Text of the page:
Hemp biofuel

Hemp biofuel

  • Hemp’s long history and the multitude of products that can be derived from this single plant have made it one of the most valuable and sustainable plants in the history of mankind.
  • For the pioneer biofuel industry, hemp provided the biomass Henry Ford needed for production of ethanol, before prohibition, during last century.
  • Over the last several decades, diverse lignocellulosic biomass has been studied for the production of biofuels and biochemicals.
  • Industrial hemp has great potential, with the increase of hemp-related markets including hemp seed, hemp oil and fibre, the importance of hemp biomass utilisation has also been emphasised.
  • Bast fibre crops:
    • produce the greatest amount of useable biomass, over the shortest period, for the least amount of water;
    • are a highly efficient mop crop and can use most types of waste or even brackish water;
    • for each tonne produced, absorb 1.7-1.9 tonnes of carbon dioxide from the atmosphere.
  • Each hectare of hemp can sequester about 22 tonnes of greenhouse gases.
  • Hemp crops are able to sequester more carbon than trees in a short 150 day season cycle and leave arable land available for food and other crops during the remainder of the year.
  • Hemp seed oil has been used in lamps for thousands of years, with historical links across many cultures.
  • Bio-diesel is composed of methyl and ethyl esters with any source of complex fatty acid used in its creation. Peanut oil, hemp oil, corn oil and tallow are used as sources for the complex fatty acids in the separation process.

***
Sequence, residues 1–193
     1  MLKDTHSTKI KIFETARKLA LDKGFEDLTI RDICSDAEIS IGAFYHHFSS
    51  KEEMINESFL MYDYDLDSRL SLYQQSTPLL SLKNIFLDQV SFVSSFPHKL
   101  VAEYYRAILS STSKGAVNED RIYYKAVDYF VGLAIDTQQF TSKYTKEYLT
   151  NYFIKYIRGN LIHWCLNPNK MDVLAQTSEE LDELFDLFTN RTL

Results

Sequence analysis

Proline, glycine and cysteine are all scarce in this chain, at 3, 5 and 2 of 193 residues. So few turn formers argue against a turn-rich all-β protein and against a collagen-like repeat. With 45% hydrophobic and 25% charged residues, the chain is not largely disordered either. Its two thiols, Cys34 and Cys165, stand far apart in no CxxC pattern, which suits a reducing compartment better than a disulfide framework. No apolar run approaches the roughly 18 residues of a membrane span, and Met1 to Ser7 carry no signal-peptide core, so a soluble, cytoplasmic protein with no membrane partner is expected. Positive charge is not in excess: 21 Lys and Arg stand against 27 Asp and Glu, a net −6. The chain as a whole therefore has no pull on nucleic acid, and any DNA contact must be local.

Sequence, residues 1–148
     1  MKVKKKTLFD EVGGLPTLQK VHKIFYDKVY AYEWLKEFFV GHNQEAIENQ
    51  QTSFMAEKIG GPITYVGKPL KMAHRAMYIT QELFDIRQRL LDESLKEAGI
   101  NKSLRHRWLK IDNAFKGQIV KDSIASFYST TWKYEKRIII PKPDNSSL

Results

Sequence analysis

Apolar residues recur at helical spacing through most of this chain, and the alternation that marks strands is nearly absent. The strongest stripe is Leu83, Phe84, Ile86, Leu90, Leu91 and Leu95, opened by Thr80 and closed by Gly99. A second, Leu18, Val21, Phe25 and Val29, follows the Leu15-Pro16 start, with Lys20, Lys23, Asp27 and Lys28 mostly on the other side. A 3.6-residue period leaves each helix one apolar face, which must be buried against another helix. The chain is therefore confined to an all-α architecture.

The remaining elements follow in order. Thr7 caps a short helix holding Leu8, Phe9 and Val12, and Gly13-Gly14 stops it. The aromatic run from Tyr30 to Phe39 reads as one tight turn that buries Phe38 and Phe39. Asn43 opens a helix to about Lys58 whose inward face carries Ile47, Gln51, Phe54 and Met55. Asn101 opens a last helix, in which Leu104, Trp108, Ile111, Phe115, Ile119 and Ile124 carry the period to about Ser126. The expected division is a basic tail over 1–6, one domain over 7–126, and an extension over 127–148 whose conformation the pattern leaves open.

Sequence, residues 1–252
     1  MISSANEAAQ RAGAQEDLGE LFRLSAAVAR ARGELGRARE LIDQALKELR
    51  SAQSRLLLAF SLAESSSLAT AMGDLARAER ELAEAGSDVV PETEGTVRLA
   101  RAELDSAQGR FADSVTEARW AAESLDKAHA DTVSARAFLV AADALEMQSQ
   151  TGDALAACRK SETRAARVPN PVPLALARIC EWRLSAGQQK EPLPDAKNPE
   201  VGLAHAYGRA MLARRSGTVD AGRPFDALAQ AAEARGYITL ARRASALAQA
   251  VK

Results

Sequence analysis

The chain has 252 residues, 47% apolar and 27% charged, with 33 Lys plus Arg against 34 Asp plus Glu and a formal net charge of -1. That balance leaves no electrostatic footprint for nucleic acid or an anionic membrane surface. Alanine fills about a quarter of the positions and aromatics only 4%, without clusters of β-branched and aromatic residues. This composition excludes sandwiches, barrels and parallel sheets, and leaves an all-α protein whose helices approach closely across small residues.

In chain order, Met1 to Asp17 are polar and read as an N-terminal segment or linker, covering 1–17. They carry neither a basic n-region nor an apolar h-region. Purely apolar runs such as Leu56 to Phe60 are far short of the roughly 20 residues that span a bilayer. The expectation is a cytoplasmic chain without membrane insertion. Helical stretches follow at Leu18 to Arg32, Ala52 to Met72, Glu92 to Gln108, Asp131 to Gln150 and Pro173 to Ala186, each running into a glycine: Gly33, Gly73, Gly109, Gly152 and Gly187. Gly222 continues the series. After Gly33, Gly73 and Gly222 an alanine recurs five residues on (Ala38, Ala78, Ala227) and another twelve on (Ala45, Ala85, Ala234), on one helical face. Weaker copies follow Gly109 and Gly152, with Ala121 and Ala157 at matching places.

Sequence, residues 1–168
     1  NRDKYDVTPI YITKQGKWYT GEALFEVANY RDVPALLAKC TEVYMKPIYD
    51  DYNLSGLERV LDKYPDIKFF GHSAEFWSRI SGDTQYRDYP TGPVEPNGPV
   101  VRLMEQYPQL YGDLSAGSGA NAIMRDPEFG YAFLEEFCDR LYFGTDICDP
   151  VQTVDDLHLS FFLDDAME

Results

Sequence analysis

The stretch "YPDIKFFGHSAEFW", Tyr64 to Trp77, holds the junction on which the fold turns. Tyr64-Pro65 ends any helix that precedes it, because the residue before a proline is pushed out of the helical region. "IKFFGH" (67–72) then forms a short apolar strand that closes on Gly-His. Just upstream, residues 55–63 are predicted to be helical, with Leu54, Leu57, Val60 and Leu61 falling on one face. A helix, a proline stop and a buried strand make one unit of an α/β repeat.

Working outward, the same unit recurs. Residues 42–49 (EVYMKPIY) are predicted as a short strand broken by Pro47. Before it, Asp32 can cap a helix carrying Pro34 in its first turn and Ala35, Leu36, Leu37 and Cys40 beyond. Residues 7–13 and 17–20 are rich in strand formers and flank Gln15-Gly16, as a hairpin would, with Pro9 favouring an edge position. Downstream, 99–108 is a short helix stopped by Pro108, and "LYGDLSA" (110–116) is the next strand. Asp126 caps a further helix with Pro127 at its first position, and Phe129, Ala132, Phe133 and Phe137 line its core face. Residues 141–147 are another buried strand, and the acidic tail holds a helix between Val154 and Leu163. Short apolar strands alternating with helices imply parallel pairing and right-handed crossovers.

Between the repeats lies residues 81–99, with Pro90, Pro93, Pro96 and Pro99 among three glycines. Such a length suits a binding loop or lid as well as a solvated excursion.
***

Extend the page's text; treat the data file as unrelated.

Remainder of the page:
• Vegetable oils were used in diesel engines until the 1920’s when an alteration was made to the engine, enabling it to use a residue of petroleum – what is now known as diesel #2.
  • Thirty percent hemp seed oil is useable as a high-grade diesel fuel and could also be used as a machine lubricant and engine oil.
  • Plants are converted into pyrolytic fuel using a thermo-chemical process. Using the same technology as fossil fuels, conversion of plants into renewable energy is the most efficient method of producing charcoal, pyrolytic oil, gas or methanol.
  • Pyrolysis occurs whenever solid organic material is heated strongly in the absence of oxygen, e.g. when frying, roasting, baking, toasting.
  • The process also occurs when burning compact solid fuel, like wood. An ancient industrial use is the production of charcoal through pyrolysis of wood.
  • More recently, pyrolysis has been used on a mass scale to turn coal into coke for metallurgy, especially steel making.
  • Anhydrous pyrolysis can be used to produce liquid fuel similar to diesel from solid biomass or plastics.
  • Pyrolysis of wood for charcoal was a major industry replaced by coal during the 1800’s Industrial Revolution.

Original source: Biofuel and Recent advancement in Biological Conversion of Industrial Hemp for Bio-fuel and Value Added Products

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